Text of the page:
September is Dementia Awareness Month
This Dementia Awareness Month I would like to raise awareness about ONE BIG LIE told about dementia:
There is no point getting a diagnosis of dementia because there is nothing you can do anyway.
This is a lie. And it is not helpful.
Getting a diagnosis is so important. I understand that some people choose not to seek a diagnosis as they do not think that there is anything to be done, or that they don't want to live with the stigma associated with a diagnosis of dementia. But there are many things that can be done.
It is true, there are currently no cures or treatments available to reverse the effects of dementia. But there are available drug treatments to slow the progression of some causes of dementia. That is why investigation into dementia type is so important. Dementia has a number of causes and the progression and symptoms associated with each can vary quite dramatically. In Australia, government-funded Memory Clinics can assist with diagnosis and testing, as well as provide support to people diagnosed with dementia and their families. I would encourage you to seek support via one of these clinics should you have concerns about your memory or the memory of someone close to you.
There are also many non-drug interventions to keep an individual with dementia socially connected and engaged in their community. Maintaining social connection has been found to be important for the quality of life of people with dementia- as it is for my own quality of life! We are no different in that sense. Presence of dementia does not mean that an individual with dementia no longer desires social connection.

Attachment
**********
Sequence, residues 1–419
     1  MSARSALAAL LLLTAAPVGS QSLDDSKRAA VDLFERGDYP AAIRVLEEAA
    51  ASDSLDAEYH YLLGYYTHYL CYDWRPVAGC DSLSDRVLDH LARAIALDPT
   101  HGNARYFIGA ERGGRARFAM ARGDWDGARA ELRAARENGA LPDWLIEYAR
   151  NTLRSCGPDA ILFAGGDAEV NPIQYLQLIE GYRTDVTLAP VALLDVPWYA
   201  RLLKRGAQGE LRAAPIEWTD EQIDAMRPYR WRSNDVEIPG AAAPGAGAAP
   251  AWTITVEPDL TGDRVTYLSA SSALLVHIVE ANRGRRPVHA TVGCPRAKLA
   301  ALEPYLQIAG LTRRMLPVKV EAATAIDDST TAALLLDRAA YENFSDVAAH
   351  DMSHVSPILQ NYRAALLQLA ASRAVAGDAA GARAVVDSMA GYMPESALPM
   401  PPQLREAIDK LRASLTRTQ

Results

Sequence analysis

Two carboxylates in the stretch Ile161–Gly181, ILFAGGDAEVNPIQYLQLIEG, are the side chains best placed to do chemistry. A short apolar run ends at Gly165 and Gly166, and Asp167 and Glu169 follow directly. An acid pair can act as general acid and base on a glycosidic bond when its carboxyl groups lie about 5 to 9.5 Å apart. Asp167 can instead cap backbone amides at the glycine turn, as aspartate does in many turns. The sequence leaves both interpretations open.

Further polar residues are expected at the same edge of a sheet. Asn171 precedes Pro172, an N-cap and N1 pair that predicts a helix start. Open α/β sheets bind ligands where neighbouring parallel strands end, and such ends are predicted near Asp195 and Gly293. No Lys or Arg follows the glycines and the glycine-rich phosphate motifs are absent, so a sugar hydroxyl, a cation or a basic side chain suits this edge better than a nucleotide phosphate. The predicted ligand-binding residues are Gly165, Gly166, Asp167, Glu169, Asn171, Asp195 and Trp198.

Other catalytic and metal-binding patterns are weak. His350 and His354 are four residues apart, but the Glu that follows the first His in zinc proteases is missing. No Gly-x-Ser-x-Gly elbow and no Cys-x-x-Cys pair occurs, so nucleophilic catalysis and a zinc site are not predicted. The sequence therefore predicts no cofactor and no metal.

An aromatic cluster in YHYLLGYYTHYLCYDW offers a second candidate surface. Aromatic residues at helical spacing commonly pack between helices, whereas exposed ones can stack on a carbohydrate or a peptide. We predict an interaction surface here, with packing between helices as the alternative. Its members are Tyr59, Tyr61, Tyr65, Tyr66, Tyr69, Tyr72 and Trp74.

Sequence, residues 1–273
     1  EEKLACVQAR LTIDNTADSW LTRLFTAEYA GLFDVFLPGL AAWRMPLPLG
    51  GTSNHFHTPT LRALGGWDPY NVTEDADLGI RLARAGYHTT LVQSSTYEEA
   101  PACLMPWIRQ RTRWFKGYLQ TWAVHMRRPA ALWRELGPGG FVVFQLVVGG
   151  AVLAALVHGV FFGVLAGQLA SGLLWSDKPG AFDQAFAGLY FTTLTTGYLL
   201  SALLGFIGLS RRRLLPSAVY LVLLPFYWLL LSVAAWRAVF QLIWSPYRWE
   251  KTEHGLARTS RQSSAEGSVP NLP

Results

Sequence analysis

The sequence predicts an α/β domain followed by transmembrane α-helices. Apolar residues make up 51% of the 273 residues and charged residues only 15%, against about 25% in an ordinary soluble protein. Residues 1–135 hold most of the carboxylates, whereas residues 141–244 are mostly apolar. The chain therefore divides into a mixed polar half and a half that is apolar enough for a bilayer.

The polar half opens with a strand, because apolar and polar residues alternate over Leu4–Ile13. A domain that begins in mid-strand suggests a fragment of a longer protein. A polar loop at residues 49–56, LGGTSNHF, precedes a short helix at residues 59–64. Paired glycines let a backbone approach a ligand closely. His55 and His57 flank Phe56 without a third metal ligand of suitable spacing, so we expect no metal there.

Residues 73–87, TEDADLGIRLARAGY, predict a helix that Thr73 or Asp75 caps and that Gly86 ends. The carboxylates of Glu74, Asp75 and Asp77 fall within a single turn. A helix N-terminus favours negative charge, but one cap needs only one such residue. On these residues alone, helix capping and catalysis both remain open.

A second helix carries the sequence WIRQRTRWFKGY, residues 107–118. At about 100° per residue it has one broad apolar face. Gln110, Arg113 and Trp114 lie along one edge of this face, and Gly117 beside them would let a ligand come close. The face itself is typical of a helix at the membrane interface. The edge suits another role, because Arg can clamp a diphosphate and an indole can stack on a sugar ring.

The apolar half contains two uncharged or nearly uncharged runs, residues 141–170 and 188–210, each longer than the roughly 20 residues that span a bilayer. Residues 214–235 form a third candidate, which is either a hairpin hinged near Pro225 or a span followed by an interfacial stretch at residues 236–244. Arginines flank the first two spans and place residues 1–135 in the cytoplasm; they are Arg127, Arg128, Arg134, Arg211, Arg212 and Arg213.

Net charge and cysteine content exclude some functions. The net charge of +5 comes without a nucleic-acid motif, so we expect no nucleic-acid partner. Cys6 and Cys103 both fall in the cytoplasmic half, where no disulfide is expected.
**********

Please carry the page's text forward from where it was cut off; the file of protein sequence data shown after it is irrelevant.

There are many strategies that have been proven to support people with dementia in everyday conversation. Use of these strategies doesn't require any extra time or resources, just a little bit of extra self-awareness. There is a wonderful video (a fun and engaging quick draw) created by Dr Susan Lane, that describes a Canadian program of evidence-based communication strategies for family members of persons with dementia. I have attached it here. It describes some really simple strategies that family members, friends and care/support staff could use to 'maintain the connection' with a loved one with dementia. I have been using these strategies for many years, particularly in my past work as a Speech Pathologist in a rehabilitation hospital, and more recently as a volunteer in a long-term care facility. I find these strategies invaluable and I often revisit this video for a refresher every now and then.
There is a lot that can be done. Some of it is as simple as thinking about how we talk with and about each other. And there is an army of researchers and clinicians worldwide (both people with and without dementia) who are working everyday to improve diagnostic procedures, interventions and policies that effect the lives of people with dementia. It might have been the case 10 years ago that getting a diagnosis was of limited value because there was little that could be done... but in 2017 this is just not true.